Surgery

Patients scheduled for major elective orthopaedic procedures frequently present with preoperative iron deficiency and anaemia1,2. Iron deficiency anaemia is the most common form of anaemia and preoperative anaemia has been linked to higher postoperative infection rate, poorer physical functioning and recovery, decreased quality of life, and increased length of hospital stay (LOS) and mortality1–5.

A recent study by Munoz and colleagues demonstrated that transfusion rates in patients with hip fracture were lower in those who received intravenous iron compared with those who received no iron therapy (32.4 vs 48.8%, respectively; n=2547). Postoperative nosocomial infection rates were lower in patients who received intravenous iron, as was thirty-day mortality and length of hospital stay1.

20Jeong et al recently reported the results of a retrospective observational study of 527 patients undergoing gastrectomy for gastric carcinoma. Patients with acute postoperative anaemia (haemoglobin <10 g/dL) received intravenous iron sucrose. Patients with preexisting, preoperative anaemia were excluded. A dose of 300 mg was administered every other day until reaching the total target amount, calculated as:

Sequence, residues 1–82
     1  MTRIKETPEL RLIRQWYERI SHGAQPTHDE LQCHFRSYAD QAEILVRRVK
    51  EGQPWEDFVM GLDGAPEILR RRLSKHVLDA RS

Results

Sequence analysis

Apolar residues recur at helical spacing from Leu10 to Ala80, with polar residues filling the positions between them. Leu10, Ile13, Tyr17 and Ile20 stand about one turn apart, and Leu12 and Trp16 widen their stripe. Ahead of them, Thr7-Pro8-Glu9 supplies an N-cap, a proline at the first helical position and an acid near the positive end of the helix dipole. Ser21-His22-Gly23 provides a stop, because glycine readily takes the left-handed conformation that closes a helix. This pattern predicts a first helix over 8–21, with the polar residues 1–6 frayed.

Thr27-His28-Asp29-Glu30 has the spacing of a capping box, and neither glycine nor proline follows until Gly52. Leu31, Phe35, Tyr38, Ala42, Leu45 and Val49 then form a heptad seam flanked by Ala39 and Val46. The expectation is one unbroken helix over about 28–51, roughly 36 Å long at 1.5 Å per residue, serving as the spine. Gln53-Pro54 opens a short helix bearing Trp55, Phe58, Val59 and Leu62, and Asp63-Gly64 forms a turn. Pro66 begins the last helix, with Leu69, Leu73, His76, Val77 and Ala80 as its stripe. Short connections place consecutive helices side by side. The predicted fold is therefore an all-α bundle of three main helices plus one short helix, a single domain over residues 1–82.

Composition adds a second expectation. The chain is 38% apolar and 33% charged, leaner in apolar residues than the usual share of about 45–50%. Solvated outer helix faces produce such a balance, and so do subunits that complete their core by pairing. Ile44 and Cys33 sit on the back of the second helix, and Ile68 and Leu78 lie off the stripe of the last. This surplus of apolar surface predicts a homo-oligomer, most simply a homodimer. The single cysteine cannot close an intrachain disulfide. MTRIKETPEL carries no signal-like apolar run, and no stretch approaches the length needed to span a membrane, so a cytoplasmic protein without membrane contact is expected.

(body weight x [target haemoglobin – current haemoglobin] x 0.24) + 500 mg

This retrospective study, presented at the Annual Cardiovascular Critical Care conference in Washington 2013, showed that anaemia significantly impacts cardiac surgery outcomes. Correcting preoperative anaemia (inclusive of iron deficiency), where feasible, could potentially help to improve cardiac surgery outcomes and reduce costs.

Ferric carboxymaltose has the same or better efficacy as standard preparations for parenteral iron replacement in patients who have undergone bariatric and gastric surgery, new data indicates. The simple dosing requirements of ferric carboxymaltose make the preparation an attractive option for this patient population, as attendance at follow-up appointments is traditionally poor.

Intravenous iron replacement therapy appears to reduce platelet count in patients with secondary thrombocytosis, results of a small clinical trial suggest. This indicates a link with iron deficiency and could inform the management of a range of conditions with increased thromboembolic risk, including inflammatory bowel disease, cancer, orthopaedic surgery and chronic disease.

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